The Japan That Can Say "No” (1989)
"There are 2 meanings to the word “No””
If you asked me, I would say there are two meanings to the book title “The Japan That Can Say “No””. The first is saying “No” to America. In other words, Japan asserting its position. The second is Japan saying “No” to itself—putting itself in the other person’s shoes and understanding the criticism that has been leveled against it. Both these meaning are implied.
By saying “No” we clearly state our intention. When the Japanese make friends they feel their opinions mustn’t conflict, whereas for Americans, the closer they get, the more comfortable they feel in exchanging ideas. Because feelings of friendship and opinions are separate, it is possible to point out differences and express one’s own thoughts.
Because I am constantly moving between Japan and the United States, I feel I have a pretty good understanding of both countries. In order for Japan to be understood by America, Japan should make statements like “we think this…”, “Japan is not the only ones at fault…” and “You also have your problem”. In explaining America’s situation to the Japanese, Japan also has a part to play in improving the situation. If you just shout that America is at fault, nothing will get better. This is my job, I think.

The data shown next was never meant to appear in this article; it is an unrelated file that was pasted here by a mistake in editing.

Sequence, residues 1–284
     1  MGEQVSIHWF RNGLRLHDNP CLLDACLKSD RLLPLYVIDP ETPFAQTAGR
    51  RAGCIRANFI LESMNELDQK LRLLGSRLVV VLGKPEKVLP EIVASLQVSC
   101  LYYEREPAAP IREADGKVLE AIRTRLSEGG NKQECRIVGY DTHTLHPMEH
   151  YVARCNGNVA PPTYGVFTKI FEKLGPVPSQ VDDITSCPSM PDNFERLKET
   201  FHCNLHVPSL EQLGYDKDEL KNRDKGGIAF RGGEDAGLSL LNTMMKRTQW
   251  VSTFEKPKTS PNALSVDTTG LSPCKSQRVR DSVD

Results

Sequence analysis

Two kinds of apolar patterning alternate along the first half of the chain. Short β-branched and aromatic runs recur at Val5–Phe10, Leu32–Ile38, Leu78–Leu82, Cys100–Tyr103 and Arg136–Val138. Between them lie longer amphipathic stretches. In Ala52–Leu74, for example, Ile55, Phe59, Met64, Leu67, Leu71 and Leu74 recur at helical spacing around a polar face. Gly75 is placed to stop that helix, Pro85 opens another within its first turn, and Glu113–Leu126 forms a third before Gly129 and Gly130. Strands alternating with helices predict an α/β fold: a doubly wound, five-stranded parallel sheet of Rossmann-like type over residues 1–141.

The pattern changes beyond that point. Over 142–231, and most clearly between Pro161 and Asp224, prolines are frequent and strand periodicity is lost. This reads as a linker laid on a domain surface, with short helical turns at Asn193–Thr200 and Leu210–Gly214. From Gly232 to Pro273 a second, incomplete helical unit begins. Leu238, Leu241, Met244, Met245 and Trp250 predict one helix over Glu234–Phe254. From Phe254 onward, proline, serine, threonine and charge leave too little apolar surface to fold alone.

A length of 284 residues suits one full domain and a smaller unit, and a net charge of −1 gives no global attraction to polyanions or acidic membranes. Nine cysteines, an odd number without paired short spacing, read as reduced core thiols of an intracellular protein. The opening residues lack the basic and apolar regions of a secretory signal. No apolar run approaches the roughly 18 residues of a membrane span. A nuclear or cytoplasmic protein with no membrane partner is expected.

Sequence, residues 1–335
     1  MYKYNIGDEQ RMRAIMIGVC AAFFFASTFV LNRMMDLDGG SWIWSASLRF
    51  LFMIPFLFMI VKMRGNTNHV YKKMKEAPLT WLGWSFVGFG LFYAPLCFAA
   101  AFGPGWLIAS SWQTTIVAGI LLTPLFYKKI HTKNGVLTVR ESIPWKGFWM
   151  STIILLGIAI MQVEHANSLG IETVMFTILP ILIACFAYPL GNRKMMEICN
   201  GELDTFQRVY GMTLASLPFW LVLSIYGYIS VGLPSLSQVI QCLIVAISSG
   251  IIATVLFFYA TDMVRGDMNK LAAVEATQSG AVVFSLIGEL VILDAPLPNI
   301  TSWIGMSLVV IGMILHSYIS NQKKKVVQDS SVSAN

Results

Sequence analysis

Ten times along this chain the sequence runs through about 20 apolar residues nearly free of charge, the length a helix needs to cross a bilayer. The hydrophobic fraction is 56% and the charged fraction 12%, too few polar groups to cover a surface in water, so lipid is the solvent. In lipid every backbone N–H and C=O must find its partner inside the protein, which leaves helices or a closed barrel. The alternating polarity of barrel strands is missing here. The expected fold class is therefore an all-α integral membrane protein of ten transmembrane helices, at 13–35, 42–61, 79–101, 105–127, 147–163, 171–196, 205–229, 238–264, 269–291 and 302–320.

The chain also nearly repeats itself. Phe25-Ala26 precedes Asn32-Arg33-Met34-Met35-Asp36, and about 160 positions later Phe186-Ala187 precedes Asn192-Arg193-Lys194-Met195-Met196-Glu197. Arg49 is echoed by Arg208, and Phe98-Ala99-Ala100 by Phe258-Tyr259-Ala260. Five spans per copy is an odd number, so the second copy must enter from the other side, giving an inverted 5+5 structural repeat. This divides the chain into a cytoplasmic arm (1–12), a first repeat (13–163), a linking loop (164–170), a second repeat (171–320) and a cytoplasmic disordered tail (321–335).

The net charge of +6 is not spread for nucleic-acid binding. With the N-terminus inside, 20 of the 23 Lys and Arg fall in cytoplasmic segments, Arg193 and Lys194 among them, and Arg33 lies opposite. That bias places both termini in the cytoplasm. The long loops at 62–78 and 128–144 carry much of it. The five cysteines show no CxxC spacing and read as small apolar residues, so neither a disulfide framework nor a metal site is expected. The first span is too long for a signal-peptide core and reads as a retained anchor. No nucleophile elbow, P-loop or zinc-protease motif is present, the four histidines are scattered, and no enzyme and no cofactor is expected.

I can help develop some mutual understanding in order to build friendly relations and draw the two countries a little closer together. It is a difficult role to play but I want to play my part. Because “The Japan That Can Say “No”” was written for the domestic market it was written emphasizing Japan’s responsibility and I believe that Japanese readers and the American side also can understand that fact.
(Continued in Volume 12)
( Extract from"Nijuisseki e" (Towards the 21st Century), published by WAC)